I had to write up this movie for TCM last year, a Wayne Newton movie from 1969, 80 Steps to Jonah. It’s a pretty awful movie but it has an amazing cast. Aside from the talented Mr. Newton, who does a hell of a lot better in the lead than you’d expect, and of course sings a couple of songs, it has Jo Van Fleet, Slim Pickens, Keenan Wynn, Sal Mineo, R.G. Armstrong, and in a small role as a drunk, Mickey Rooney.
Mickey Rooney did about 11,948 movies in his unbelievably long career, which, relatively speaking, spanned only slightly less time than the history of cinema, so I can write about his performance in 80 Steps to Jonah with confidence that no one else is going to cover this one. If they do, my hat’s off to them for sitting through it without any contractual obligation to do so.
Now you might be thinking, and who could really blame you for doing so, that I mention this movie because Mickey Rooney is a singular beacon of light in an otherwise dimly lit crevice. Well, sort of. Rooney hits not a single note of subtlety in his two brief scenes in the film, both of which involve him as a drunk who is, in fact, very drunk. Based on how Rooney’s performance plays to the other actors’ performances in the film, it is clear that he ignored any and all advice from the director and shot for the moon, as if the actual audience were located there and, just to be sure they could tell his character was drunk, played it big enough to be seen from the deep end of the Sea of Tranquility. So he’s not so much a beacon of light as a raging bonfire, projecting enough residual heat to melt nuance upon contact.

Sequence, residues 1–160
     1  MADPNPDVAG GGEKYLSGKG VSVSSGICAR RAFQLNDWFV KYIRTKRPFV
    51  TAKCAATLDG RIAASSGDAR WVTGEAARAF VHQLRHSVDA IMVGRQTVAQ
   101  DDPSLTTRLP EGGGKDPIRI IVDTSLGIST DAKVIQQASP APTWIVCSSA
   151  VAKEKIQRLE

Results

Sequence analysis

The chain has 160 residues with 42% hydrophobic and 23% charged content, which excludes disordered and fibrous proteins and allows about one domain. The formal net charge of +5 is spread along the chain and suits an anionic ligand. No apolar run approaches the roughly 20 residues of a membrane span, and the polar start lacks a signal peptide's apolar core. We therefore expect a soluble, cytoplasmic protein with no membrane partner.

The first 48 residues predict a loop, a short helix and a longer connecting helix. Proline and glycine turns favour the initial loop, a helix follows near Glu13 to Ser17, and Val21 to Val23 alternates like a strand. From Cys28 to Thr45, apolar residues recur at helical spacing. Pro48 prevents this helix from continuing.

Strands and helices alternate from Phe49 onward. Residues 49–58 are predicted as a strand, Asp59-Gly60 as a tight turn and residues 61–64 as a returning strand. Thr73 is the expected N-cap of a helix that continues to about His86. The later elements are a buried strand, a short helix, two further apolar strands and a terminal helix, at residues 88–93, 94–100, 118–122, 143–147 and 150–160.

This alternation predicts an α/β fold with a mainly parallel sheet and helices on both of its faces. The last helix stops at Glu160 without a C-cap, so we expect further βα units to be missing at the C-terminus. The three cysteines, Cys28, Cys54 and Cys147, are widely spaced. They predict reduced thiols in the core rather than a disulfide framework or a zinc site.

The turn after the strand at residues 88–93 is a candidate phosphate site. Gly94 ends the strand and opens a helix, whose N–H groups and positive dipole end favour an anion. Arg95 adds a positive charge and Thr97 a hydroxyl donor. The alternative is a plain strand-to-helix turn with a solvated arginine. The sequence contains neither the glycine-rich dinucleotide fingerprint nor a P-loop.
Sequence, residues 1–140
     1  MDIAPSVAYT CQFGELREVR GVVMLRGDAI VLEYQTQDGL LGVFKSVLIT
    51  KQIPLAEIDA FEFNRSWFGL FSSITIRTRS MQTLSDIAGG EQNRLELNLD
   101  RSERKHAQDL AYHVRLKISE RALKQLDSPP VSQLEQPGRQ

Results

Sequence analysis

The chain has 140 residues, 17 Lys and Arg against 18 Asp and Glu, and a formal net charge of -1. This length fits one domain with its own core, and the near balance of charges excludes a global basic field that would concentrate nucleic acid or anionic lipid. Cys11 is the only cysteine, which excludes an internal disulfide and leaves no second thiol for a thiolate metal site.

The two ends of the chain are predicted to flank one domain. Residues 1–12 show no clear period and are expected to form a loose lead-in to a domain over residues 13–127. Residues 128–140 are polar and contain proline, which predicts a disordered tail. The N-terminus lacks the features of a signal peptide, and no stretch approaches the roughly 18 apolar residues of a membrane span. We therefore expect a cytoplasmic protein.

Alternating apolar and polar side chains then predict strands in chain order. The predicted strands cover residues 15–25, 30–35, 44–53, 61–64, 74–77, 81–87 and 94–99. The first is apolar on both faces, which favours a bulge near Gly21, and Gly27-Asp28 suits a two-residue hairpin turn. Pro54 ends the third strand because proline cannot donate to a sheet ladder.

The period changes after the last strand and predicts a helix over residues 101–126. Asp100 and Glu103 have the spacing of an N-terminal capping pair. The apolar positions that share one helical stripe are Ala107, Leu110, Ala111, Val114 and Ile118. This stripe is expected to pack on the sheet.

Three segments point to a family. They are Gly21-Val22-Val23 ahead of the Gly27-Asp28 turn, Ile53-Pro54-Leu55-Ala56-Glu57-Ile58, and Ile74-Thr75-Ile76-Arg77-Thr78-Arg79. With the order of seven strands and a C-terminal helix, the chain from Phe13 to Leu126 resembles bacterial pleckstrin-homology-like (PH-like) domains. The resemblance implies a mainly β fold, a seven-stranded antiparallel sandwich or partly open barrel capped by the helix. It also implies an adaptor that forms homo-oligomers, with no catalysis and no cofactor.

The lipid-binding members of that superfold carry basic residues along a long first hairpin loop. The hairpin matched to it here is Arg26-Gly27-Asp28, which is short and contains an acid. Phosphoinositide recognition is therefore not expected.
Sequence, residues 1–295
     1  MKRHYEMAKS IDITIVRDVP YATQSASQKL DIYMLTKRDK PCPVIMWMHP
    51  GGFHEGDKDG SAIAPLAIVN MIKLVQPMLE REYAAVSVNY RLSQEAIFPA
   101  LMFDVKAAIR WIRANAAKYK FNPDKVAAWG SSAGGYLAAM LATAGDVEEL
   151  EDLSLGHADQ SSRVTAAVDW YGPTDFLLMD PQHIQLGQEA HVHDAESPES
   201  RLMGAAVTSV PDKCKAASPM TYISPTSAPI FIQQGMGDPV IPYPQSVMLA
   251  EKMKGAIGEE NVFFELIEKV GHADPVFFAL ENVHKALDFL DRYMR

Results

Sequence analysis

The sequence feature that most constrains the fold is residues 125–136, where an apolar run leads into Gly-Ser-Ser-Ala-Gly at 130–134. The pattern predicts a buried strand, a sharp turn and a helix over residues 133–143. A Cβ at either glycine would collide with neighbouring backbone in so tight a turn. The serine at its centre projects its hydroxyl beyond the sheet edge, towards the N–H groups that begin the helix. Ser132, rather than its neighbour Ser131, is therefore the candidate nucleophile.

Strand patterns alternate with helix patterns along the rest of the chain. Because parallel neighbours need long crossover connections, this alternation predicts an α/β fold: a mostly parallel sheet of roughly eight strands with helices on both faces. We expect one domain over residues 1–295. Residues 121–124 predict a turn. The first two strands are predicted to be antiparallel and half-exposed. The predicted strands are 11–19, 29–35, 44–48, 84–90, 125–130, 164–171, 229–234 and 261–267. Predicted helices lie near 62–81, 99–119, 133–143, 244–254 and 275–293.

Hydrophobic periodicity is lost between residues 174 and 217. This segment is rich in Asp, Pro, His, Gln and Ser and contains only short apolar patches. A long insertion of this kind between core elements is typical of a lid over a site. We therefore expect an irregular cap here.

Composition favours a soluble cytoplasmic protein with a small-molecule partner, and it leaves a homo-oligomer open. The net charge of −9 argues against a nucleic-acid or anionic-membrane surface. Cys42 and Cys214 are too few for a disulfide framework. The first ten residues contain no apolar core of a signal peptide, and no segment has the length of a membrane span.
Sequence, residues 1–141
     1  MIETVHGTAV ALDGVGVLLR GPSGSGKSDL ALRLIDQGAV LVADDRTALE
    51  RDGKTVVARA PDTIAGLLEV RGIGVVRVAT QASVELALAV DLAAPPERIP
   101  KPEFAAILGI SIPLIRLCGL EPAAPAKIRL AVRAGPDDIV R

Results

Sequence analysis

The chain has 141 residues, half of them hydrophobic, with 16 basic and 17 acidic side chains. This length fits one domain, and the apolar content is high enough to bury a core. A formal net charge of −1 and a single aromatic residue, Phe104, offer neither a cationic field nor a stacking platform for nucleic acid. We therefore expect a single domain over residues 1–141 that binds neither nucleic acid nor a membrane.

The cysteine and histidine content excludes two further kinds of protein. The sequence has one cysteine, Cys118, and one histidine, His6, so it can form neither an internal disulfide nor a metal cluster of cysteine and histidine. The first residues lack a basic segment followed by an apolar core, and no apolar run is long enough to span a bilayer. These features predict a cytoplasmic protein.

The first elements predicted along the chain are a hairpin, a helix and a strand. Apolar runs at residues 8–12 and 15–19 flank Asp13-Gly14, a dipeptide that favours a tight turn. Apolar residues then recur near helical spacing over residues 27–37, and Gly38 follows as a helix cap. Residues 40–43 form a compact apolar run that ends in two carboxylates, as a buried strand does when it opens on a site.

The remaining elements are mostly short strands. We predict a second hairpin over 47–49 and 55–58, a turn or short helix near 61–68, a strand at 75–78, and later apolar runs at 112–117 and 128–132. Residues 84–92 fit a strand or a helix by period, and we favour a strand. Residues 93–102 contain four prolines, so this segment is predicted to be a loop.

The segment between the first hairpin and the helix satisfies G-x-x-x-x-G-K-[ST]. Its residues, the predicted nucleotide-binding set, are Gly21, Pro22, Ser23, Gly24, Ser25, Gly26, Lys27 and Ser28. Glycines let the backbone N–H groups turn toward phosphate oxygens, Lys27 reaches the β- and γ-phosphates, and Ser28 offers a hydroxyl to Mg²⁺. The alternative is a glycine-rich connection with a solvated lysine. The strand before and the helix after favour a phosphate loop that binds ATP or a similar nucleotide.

So why am I writing this up? Because that son of a bitch never phoned in a single line or gesture or raised eyebrow. If he was taking your money for the job, he gave you a performance. He earned every goddamn paycheck like he was working overtime to pay backrent for last three months (and sometimes he was). Occasionally, that over-projection got him into trouble with the kind of people who don’t or didn’t or won’t understand the philosophy behind the phrase, “give ‘em their money’s worth.” But Mickey didn’t care and neither do I. He never ran into trouble with me and a year later, he’s the only goddamn thing I remember about that movie.
He’s the only goddamn thing I remember about a lot of movies.
Because he’s worth remembering.
And always will be.